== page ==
Lisa - See the comment above about walking. Being able to walk to the store and carry my groceries home does not make up for lack of basic services the city is charging me 8.5 percent of my paycheck for. That said, you offer an intriguing alternative.

Liebchen - Hmm, another vote for the District. I admit it's an interesting idea, but the thought of moving twice...

la - I have yet to extend my search to Alexandria, although there are many areas down there I like. Especially the ones along the Yellow line. As for the taking shit part, I've been doing that for four years while living in a political subdivision with a population density virtually equal to that of its neighbor. So, yeah, I'm used to it.

To all - while it looks like I'm bashing the district, I'm not. My mind really isn't made up yet.

HP said...

I lived in Alexandria for two years when I first moved to the area, and the sight of my first paycheck post-move to DC inspired a feeling similar to a punch in the gut. Once I got used to it, it wasn't so bad, and the DC gov tends to be pretty generous with tax returns. Look at it this way: with the extra cash that comes out of your paycheck may also be the money you're using to transport yourself in and out of the 'burbs for social events. In the end, it *might* even out.

Malnurtured Snay said...

What? Not a cat person? Move to DC and we'll break into the Zoo and steal a leopard!

FoggyDew said...

HP - Gut punch eh? Hmmm, let me think about that...

Snay - You climb the fence first. I'll bring the camera.

Malnurtured Snay said...

... and the wire cutters. Bring the wire cutters.

Shannon said...

I admit that I'm strongly pro-District, because I grew up in the Old Dominion and that's plenty for one lifetime.

It depends on what you value: I hate to drive (and other people hate being on the road with me), so I figure I'm doing humanity a favor by living in the city. I don't think you have to get rid of your car to live in the city (my neighborhood is very car-friendly) but you do have to factor in the extra insurance costs.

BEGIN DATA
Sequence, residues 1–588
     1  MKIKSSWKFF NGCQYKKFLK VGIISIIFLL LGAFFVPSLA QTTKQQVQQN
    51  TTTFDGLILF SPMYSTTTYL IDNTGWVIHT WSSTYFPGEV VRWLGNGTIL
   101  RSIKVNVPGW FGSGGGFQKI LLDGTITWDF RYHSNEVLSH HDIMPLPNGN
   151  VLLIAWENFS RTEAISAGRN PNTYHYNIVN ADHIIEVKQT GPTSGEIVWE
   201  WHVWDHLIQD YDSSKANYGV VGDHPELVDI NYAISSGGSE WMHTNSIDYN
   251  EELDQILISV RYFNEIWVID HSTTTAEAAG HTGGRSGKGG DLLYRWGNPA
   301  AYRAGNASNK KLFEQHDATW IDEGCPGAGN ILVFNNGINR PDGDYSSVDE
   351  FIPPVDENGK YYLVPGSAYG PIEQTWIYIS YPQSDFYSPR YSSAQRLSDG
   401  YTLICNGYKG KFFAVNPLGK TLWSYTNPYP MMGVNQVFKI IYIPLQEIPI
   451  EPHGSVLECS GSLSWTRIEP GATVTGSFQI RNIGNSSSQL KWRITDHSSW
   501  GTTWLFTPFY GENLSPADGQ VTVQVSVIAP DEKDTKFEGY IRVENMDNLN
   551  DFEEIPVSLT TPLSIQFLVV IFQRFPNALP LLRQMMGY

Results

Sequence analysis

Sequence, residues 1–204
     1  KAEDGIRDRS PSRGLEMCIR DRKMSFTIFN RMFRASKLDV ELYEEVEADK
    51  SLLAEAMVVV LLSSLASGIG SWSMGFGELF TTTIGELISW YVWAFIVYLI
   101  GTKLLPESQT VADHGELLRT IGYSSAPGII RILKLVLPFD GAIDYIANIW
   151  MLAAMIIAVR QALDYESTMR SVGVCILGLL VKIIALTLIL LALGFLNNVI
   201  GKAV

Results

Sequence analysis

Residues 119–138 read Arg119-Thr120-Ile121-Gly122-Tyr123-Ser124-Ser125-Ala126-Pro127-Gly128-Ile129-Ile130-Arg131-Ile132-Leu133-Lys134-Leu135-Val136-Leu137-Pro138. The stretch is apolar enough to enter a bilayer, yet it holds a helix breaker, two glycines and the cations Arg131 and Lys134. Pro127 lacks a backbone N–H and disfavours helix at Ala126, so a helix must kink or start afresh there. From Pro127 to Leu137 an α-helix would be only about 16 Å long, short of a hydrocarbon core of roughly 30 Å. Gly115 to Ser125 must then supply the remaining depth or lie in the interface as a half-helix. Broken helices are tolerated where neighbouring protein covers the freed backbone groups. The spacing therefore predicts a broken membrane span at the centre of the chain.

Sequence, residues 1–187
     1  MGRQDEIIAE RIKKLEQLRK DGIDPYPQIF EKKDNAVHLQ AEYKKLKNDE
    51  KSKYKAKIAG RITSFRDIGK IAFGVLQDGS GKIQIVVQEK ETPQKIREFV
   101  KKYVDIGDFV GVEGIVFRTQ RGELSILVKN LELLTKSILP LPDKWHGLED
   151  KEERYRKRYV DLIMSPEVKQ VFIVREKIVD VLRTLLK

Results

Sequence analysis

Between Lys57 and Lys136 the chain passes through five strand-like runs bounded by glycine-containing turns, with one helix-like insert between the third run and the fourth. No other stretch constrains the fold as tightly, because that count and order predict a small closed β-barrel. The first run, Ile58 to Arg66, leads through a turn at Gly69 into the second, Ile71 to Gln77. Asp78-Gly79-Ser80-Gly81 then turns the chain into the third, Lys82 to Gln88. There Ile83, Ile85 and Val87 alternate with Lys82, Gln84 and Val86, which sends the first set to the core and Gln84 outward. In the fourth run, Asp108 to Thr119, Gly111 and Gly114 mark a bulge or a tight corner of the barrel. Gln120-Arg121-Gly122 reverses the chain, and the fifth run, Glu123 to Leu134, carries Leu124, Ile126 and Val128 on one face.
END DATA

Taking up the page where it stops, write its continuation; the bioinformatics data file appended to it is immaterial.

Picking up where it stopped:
I also place a very high value on my social life, and strongly prefer being able to walk out the door and meet friends for a beer on a moment's notice. If I was in the burbs, I'd have to do a lot more planning and I'm sure the second the weather turned icky I'd turn into a hermit.

I also enjoy the regular freakshow that is Marion Barry, Mayor for Life and DC's most hilarious intangible benefit.

FoggyDew said...

Snay - Ever hear the joke about what one guy said to the other when they were being chased by a bear? I don't have to run faster than the bear, I just have to run faster than you.

Shannon - The MfL is definitely not worth the extra tax money in my ever so humble opinion.

007 in Africa said...

Well, there's me in the city, so that's always a plus :) You could compromise and play it like me: buy a shithole in the city for a low price, spend all your savings on major renovations and pray that it will all work out in the end...

Btw, who is that in your profile picture?